Recognising that physical mobility is often restricted to privileged individuals, the Buenos Aires Convention aims to diversify mobile populations of students, teachers and researchers. It seeks to expand the concept of regional mobility and create more inclusive pathways.

In addition to physical mobility, the convention promotes virtual mobility as an alternative, allowing individuals to access higher education opportunities without geographical limitations.

By embracing diverse mobility pathways, the convention strives to broaden participation and ensure equal opportunities for individuals from all backgrounds, ultimately fostering a more inclusive higher education landscape.

Embracing technological advances

The final policy goal of the Buenos Aires Convention is to recognise and leverage the opportunities presented by technology in higher education. The convention acknowledges the emergence of alternative credentials, such as micro-credentials, and the growing prevalence of virtual and distance programmes. These innovations challenge traditional academic models and require enhanced international cooperation in regulatory matters.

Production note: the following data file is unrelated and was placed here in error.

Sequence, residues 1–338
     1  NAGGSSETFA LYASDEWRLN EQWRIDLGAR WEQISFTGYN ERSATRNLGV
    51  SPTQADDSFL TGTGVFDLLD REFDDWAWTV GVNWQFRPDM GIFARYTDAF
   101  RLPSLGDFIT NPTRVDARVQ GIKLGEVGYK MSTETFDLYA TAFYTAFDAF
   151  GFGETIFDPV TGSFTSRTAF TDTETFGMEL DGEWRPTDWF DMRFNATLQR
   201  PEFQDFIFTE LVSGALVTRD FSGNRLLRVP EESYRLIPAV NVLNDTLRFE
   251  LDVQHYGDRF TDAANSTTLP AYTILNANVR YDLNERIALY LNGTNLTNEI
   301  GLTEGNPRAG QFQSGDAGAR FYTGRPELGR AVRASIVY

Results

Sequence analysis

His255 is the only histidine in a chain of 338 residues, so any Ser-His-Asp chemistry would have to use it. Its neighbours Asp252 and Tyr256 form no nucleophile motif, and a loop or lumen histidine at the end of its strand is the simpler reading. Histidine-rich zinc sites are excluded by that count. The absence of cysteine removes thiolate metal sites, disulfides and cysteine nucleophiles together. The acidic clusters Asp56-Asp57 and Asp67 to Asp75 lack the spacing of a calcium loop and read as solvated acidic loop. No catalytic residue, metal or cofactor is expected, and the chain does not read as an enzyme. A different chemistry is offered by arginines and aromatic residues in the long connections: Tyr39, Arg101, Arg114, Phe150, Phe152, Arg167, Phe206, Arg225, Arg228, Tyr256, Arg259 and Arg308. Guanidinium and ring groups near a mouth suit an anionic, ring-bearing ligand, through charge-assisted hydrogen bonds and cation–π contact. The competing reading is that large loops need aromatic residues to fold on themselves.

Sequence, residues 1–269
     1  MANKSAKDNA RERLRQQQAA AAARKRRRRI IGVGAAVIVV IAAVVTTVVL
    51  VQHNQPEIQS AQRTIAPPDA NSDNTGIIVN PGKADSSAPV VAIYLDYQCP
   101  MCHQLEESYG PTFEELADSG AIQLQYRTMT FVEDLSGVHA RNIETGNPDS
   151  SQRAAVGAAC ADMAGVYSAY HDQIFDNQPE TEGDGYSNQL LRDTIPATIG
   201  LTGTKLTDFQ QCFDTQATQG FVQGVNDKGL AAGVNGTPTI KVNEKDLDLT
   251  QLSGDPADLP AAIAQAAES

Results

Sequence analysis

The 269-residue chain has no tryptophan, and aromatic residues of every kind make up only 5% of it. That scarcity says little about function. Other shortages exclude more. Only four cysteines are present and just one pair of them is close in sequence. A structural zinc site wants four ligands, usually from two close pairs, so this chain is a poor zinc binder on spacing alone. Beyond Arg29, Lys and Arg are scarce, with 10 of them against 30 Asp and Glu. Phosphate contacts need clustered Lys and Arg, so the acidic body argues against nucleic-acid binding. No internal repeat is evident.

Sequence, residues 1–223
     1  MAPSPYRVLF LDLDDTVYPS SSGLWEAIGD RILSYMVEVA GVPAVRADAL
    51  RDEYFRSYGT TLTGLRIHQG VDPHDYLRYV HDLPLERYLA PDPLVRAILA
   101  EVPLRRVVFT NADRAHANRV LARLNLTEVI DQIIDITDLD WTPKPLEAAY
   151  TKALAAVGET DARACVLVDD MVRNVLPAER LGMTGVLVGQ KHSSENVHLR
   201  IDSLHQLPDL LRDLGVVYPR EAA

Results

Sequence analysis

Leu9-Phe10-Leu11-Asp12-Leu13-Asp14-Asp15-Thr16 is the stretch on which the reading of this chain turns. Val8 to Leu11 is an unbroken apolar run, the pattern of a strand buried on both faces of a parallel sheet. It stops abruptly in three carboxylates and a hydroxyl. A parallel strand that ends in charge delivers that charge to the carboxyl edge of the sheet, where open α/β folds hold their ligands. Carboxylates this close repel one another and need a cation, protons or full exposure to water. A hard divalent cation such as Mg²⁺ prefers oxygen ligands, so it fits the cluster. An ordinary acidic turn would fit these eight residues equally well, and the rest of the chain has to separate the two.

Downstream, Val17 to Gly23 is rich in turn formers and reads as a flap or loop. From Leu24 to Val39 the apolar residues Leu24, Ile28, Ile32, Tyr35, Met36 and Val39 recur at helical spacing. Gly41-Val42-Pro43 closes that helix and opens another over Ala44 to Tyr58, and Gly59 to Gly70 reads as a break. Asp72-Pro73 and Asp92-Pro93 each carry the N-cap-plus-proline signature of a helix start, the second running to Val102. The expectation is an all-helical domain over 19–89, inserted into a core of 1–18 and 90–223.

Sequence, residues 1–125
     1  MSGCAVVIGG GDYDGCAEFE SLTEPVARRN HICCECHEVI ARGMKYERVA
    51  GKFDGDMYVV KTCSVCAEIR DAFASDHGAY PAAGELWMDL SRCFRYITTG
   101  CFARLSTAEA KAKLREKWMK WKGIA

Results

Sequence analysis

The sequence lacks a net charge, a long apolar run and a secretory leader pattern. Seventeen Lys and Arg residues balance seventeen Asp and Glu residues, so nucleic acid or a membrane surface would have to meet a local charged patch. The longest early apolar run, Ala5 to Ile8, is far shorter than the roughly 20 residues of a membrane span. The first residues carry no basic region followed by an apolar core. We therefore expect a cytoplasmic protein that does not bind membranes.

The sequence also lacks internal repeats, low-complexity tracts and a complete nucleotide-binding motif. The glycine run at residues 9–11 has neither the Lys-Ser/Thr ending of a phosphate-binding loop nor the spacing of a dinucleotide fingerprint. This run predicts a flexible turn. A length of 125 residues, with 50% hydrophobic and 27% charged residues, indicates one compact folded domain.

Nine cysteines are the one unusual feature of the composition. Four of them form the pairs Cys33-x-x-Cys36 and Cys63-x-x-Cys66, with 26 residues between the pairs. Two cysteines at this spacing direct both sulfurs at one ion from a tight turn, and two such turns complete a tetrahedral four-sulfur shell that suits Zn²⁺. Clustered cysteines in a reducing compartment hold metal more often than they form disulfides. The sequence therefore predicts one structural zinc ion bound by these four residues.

By embracing these advances, the convention encourages collaboration and mutual recognition of qualifications, ensuring learners benefit from international educational experiences and providing lifelong learning and professional development pathways.

In conclusion, the Buenos Aires Convention on the recognition of higher education qualifications aims to address the barriers hindering cooperation and mobility in Latin America and the Caribbean.

By facilitating student mobility, building mutual trust among higher education systems, promoting convergence, diversifying mobile populations and embracing technological advancements, the convention seeks to strengthen international cooperation and ensure fair recognition practices.

Through these policy goals, the convention strives to create a more collaborative and integrated regional higher education space, fostering opportunities for students, researchers and institutions alike.

By embracing the principles and goals outlined in the Buenos Aires Convention, countries in Latin America and the Caribbean can work together to enhance the quality, accessibility and global recognition of their higher education systems.

Francesc Pedró is director of the UNESCO International Institute for Higher Education in Latin America and the Caribbean.